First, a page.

If Larry Craig is forced to resign from the Senate for lewd conduct, then Charles Rangel should resign as head of the Ways and Means committee. The ‘Times’ reported that the powerful Harlem congressman was living, rent-free, in three New York City public housing units. He rented out his Caribbean villa and did not pay taxes on the rental income. I was shocked considering all I have done for Charlie Rangel. I made one of his dreams come true. I introduced him to a cultural icon.
There are thousands of homeless in New York City. I expected more from Charles Rangel, winner of the Harlem Life Award.
I sat next to Charlie Rangel at a fund- raising gala known as the “Harlem Life Awards” and know, first hand, that he is very charismatic and could charm just about anyone out of anything. He looks strangers in the eye and smiles– revealing a look to imply that he is already a friend. When he shook my hand, I felt like I already knew him.
The powerful, multi-term representative turned to talk to me– just a white guy sitting next to him at the Schomberg Center for Research in Black Culture after my boss vacated the seat in the auditorium that separated us.
“How did they get Carmen deLavallade to come to Harlem?” Rangel asked me.
I watched as seventy-two year-old living legend Carmen deLavallade performed a dance solo upon the Schomberg stage before turning my head to address the congressman–
“She believes in the mission of the Upper Room,” I explained without wanting to reveal too much. Our charity was not sure if Rangel would show up to accept the Harlem Life Award. Bertie Ray, director of development of the Upper Room came up with the name for the special event and the idea to make an ‘award’. I did all the work in getting anyone to care or come or donate money. I was the “Special Assistant to the Executive Director” or “Chief of Staff”– a glorified secretary who could write!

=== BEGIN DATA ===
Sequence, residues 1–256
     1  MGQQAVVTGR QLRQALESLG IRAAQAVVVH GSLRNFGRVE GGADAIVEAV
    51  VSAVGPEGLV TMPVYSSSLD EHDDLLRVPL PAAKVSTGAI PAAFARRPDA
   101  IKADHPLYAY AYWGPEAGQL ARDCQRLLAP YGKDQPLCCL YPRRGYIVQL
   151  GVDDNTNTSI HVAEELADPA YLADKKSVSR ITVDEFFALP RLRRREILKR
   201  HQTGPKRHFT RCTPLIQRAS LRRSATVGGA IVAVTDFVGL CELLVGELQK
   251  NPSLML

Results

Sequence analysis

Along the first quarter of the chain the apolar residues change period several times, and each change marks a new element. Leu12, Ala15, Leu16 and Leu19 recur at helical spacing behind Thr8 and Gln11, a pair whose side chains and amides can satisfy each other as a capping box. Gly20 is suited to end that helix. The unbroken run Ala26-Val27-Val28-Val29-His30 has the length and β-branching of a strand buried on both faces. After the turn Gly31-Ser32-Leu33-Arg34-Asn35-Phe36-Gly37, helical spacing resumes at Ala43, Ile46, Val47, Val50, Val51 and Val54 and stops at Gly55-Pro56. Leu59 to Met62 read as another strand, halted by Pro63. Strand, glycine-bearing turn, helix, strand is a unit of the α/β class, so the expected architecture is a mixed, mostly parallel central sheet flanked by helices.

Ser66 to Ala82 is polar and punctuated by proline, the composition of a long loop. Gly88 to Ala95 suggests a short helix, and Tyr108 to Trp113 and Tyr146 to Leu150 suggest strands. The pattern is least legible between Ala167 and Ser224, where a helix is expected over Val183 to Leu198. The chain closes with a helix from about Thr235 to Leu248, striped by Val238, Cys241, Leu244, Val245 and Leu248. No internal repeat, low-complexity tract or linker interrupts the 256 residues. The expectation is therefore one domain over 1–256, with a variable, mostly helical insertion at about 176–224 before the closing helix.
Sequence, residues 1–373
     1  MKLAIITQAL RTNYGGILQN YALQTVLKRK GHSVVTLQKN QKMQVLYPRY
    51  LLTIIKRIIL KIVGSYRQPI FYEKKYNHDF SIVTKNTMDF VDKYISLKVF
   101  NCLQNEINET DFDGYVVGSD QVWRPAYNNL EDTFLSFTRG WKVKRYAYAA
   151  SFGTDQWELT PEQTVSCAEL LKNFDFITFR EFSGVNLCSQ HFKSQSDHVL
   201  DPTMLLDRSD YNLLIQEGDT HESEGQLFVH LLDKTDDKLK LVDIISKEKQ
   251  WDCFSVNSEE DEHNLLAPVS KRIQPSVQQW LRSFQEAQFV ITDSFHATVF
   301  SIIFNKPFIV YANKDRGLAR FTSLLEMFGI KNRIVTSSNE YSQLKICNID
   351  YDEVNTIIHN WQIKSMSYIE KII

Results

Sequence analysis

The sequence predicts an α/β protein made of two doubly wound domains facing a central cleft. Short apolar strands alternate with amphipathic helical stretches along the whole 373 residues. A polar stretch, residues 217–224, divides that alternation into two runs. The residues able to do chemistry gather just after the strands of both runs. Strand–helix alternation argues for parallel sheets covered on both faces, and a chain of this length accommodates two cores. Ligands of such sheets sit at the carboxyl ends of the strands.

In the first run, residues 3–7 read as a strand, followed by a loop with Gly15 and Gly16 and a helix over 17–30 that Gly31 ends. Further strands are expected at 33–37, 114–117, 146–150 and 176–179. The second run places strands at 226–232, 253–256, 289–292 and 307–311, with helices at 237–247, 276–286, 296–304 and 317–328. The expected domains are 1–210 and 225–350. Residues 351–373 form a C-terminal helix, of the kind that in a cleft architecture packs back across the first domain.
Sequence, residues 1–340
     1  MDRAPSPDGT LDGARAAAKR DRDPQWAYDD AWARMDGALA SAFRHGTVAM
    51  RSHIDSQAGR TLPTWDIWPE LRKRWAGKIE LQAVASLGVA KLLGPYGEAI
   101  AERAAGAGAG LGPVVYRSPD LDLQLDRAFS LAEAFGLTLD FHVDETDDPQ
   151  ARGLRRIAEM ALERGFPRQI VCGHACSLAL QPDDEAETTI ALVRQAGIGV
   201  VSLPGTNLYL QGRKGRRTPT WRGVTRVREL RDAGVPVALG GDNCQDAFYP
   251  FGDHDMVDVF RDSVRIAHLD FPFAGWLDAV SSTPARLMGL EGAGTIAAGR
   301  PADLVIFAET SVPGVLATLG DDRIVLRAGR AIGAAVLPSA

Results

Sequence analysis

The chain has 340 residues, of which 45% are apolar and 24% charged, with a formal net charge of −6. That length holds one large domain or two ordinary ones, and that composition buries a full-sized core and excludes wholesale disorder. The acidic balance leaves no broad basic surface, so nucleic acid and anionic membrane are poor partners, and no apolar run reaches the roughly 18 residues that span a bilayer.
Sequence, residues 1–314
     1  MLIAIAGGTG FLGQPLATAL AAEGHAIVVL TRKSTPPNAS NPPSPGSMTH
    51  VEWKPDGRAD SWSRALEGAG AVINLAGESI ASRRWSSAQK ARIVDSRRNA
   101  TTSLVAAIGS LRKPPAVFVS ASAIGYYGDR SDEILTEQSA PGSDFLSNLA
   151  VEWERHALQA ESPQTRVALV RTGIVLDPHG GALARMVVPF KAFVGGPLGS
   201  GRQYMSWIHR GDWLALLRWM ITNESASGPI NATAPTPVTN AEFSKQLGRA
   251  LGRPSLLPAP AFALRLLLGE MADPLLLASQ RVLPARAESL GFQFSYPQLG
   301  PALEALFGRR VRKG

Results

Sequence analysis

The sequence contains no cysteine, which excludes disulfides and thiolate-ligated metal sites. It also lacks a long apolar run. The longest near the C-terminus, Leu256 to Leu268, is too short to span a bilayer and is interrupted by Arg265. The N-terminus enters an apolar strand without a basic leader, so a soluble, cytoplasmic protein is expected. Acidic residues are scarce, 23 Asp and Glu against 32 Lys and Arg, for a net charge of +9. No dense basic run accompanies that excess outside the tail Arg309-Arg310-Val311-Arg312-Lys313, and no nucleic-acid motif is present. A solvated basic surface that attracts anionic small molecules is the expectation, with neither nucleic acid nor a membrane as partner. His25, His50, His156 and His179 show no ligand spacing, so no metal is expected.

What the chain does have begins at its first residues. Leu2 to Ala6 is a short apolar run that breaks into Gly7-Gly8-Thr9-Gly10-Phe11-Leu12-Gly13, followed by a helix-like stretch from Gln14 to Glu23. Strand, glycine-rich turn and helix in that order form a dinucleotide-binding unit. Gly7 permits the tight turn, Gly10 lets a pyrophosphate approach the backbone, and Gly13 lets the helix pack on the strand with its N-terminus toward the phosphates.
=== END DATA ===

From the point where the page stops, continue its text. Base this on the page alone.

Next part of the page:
“I didn’t hire you to be my cute, white-boy secretary,” Willis joked. “But Bertie Ray is fucking this up. He hasn’t sold one ticket or raised a dollar. I gave him six months and $50,000– where the hell is my special event?”
“Relax, Willis. We can do something.”
“Like what?” My boss screamed at me, as if it were my fault that our fund- raising program was failing to get off the ground.
“Do you remember that dancer I told you about? The guy who picked me up in the Monster and showed me body contortions that I never knew possible?”
Willis laughed, “Yes.”
“He knows that Un-Cola man– Geoffrey Holder.”
“For real? Are you kidding? Can you get him to come?”
The Harlem Life Award was created as part of a larger, fund-raising, public image campaign strategy. Rangel was being honored with the Harlem Life Award, as were a few other politicians from uptown. If my work-life memory serves me proper, David Patterson was there too that night, although he was not on the A list at the First Annual Harlem Life Awards ceremony.